Watershed management groups on P.E.I. have come out against a proposal to allow more harvesting of trees near streams and rivers.

Currently there is a 15-metre buffer zone around waterways where tree cutting is not allowed, the same as for farming, except in rare cases where the province grants an exception. Last week Ira Smith of the P.E.I. Woodlot Owners Association argued before a legislature committee the buffer zone was not necessary.

"We question the need for a buffer zone similar to that required for farmland," said Smith.

"There is no risk of chemical contamination from agriculture operations, and these buffer zones provide almost no environmental benefit."

The P.E.I. Watershed Alliance disagrees, and has written a letter to the government outlining why the buffer zones should stay in place.

"The value of buffers really benefits everybody in society here on P.E.I.," said Shawn Hill, executive director of the P.E.I. Watershed Alliance.

"There'd be nesting wildlife, there'd be pollinators, birds, bird life. There's a lot of different critters that require these areas for nesting and they're pretty sensitive."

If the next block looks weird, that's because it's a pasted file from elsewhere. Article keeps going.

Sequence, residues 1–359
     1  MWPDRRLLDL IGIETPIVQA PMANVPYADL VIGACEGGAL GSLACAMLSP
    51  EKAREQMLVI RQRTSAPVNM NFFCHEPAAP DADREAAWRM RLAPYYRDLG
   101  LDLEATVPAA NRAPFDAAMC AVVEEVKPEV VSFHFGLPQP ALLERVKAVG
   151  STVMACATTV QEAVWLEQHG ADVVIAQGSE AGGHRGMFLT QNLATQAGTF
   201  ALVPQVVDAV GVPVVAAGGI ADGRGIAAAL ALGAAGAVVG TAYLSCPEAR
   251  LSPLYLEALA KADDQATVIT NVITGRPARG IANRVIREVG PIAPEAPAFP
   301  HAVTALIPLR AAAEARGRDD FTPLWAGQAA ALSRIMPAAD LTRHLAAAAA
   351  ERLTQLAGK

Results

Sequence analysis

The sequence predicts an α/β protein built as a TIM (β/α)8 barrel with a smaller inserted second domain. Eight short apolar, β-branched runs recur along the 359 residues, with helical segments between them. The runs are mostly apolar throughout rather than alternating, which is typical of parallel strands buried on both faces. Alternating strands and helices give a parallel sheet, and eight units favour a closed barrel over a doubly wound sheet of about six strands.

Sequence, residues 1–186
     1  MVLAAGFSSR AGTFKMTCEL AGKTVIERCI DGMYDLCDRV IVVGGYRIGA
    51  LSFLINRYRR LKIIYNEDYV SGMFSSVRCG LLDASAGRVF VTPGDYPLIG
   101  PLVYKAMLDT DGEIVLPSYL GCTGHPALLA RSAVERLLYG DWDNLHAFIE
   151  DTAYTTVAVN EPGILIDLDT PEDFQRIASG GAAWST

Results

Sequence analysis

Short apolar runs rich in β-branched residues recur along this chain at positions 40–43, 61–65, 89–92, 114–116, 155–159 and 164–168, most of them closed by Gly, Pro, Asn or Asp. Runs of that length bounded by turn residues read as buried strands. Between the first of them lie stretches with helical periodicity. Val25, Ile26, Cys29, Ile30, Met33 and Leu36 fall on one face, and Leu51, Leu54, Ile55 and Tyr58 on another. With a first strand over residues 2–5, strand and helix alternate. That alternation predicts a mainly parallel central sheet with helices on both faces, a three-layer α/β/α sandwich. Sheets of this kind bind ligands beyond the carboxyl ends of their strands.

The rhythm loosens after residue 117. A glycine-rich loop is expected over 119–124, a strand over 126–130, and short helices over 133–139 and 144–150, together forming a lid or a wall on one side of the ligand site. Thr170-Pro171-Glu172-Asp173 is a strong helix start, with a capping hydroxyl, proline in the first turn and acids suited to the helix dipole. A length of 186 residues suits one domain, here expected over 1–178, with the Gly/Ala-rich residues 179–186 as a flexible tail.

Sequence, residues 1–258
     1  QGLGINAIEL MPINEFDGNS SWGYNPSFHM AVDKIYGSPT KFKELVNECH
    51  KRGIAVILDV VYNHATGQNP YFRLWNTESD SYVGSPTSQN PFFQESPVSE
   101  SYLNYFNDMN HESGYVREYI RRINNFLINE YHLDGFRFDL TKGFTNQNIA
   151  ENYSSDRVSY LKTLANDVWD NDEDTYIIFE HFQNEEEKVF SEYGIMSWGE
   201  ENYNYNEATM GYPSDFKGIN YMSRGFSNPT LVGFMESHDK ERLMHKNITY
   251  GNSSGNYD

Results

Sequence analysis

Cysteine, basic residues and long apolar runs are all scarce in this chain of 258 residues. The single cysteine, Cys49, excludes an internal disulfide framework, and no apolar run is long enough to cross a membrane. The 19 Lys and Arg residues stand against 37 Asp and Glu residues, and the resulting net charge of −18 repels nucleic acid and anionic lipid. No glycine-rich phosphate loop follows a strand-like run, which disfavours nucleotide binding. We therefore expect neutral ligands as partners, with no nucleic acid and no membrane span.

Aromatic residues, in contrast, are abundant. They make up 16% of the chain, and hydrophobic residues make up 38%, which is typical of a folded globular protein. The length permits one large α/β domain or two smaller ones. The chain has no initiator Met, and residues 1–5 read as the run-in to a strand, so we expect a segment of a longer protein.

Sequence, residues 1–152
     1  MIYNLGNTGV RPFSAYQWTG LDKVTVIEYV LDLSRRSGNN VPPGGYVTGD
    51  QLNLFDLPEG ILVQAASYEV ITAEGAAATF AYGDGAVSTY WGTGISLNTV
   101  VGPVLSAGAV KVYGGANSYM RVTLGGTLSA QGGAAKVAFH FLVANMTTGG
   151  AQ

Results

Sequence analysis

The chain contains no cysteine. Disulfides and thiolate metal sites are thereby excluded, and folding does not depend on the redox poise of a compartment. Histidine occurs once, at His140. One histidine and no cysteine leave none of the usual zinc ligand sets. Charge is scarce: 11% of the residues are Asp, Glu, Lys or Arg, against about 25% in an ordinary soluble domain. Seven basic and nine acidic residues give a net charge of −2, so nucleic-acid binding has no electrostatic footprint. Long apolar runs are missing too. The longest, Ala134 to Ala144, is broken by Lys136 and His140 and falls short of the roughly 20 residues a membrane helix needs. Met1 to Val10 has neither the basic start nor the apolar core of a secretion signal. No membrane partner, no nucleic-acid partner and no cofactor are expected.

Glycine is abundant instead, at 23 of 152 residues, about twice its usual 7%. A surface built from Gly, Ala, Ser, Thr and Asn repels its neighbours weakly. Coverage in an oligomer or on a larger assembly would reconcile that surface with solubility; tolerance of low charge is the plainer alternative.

Smith argues the buffer zone removes a significant portion of land from the economy, and that not harvesting trees can cause its own problems.

"Trees, if they're not harvested, at a certain point in time they're going to fall into the brook, they're going to cause flooding, they're going to cause a lot of damage. You've got to remove them through time," he said.

Hill doesn't buy that argument.

"Trees have been falling in the forest and in buffer zones for millions of years and we've never needed to clean them up, so I question the need to clean them up now," he said.

The committee that heard the arguments of wood lot owners and the watershed alliance will now take the debate to the legislature.

For mobile device users: Should the restrictions on cutting trees near streams and rivers on P.E.I. be eased?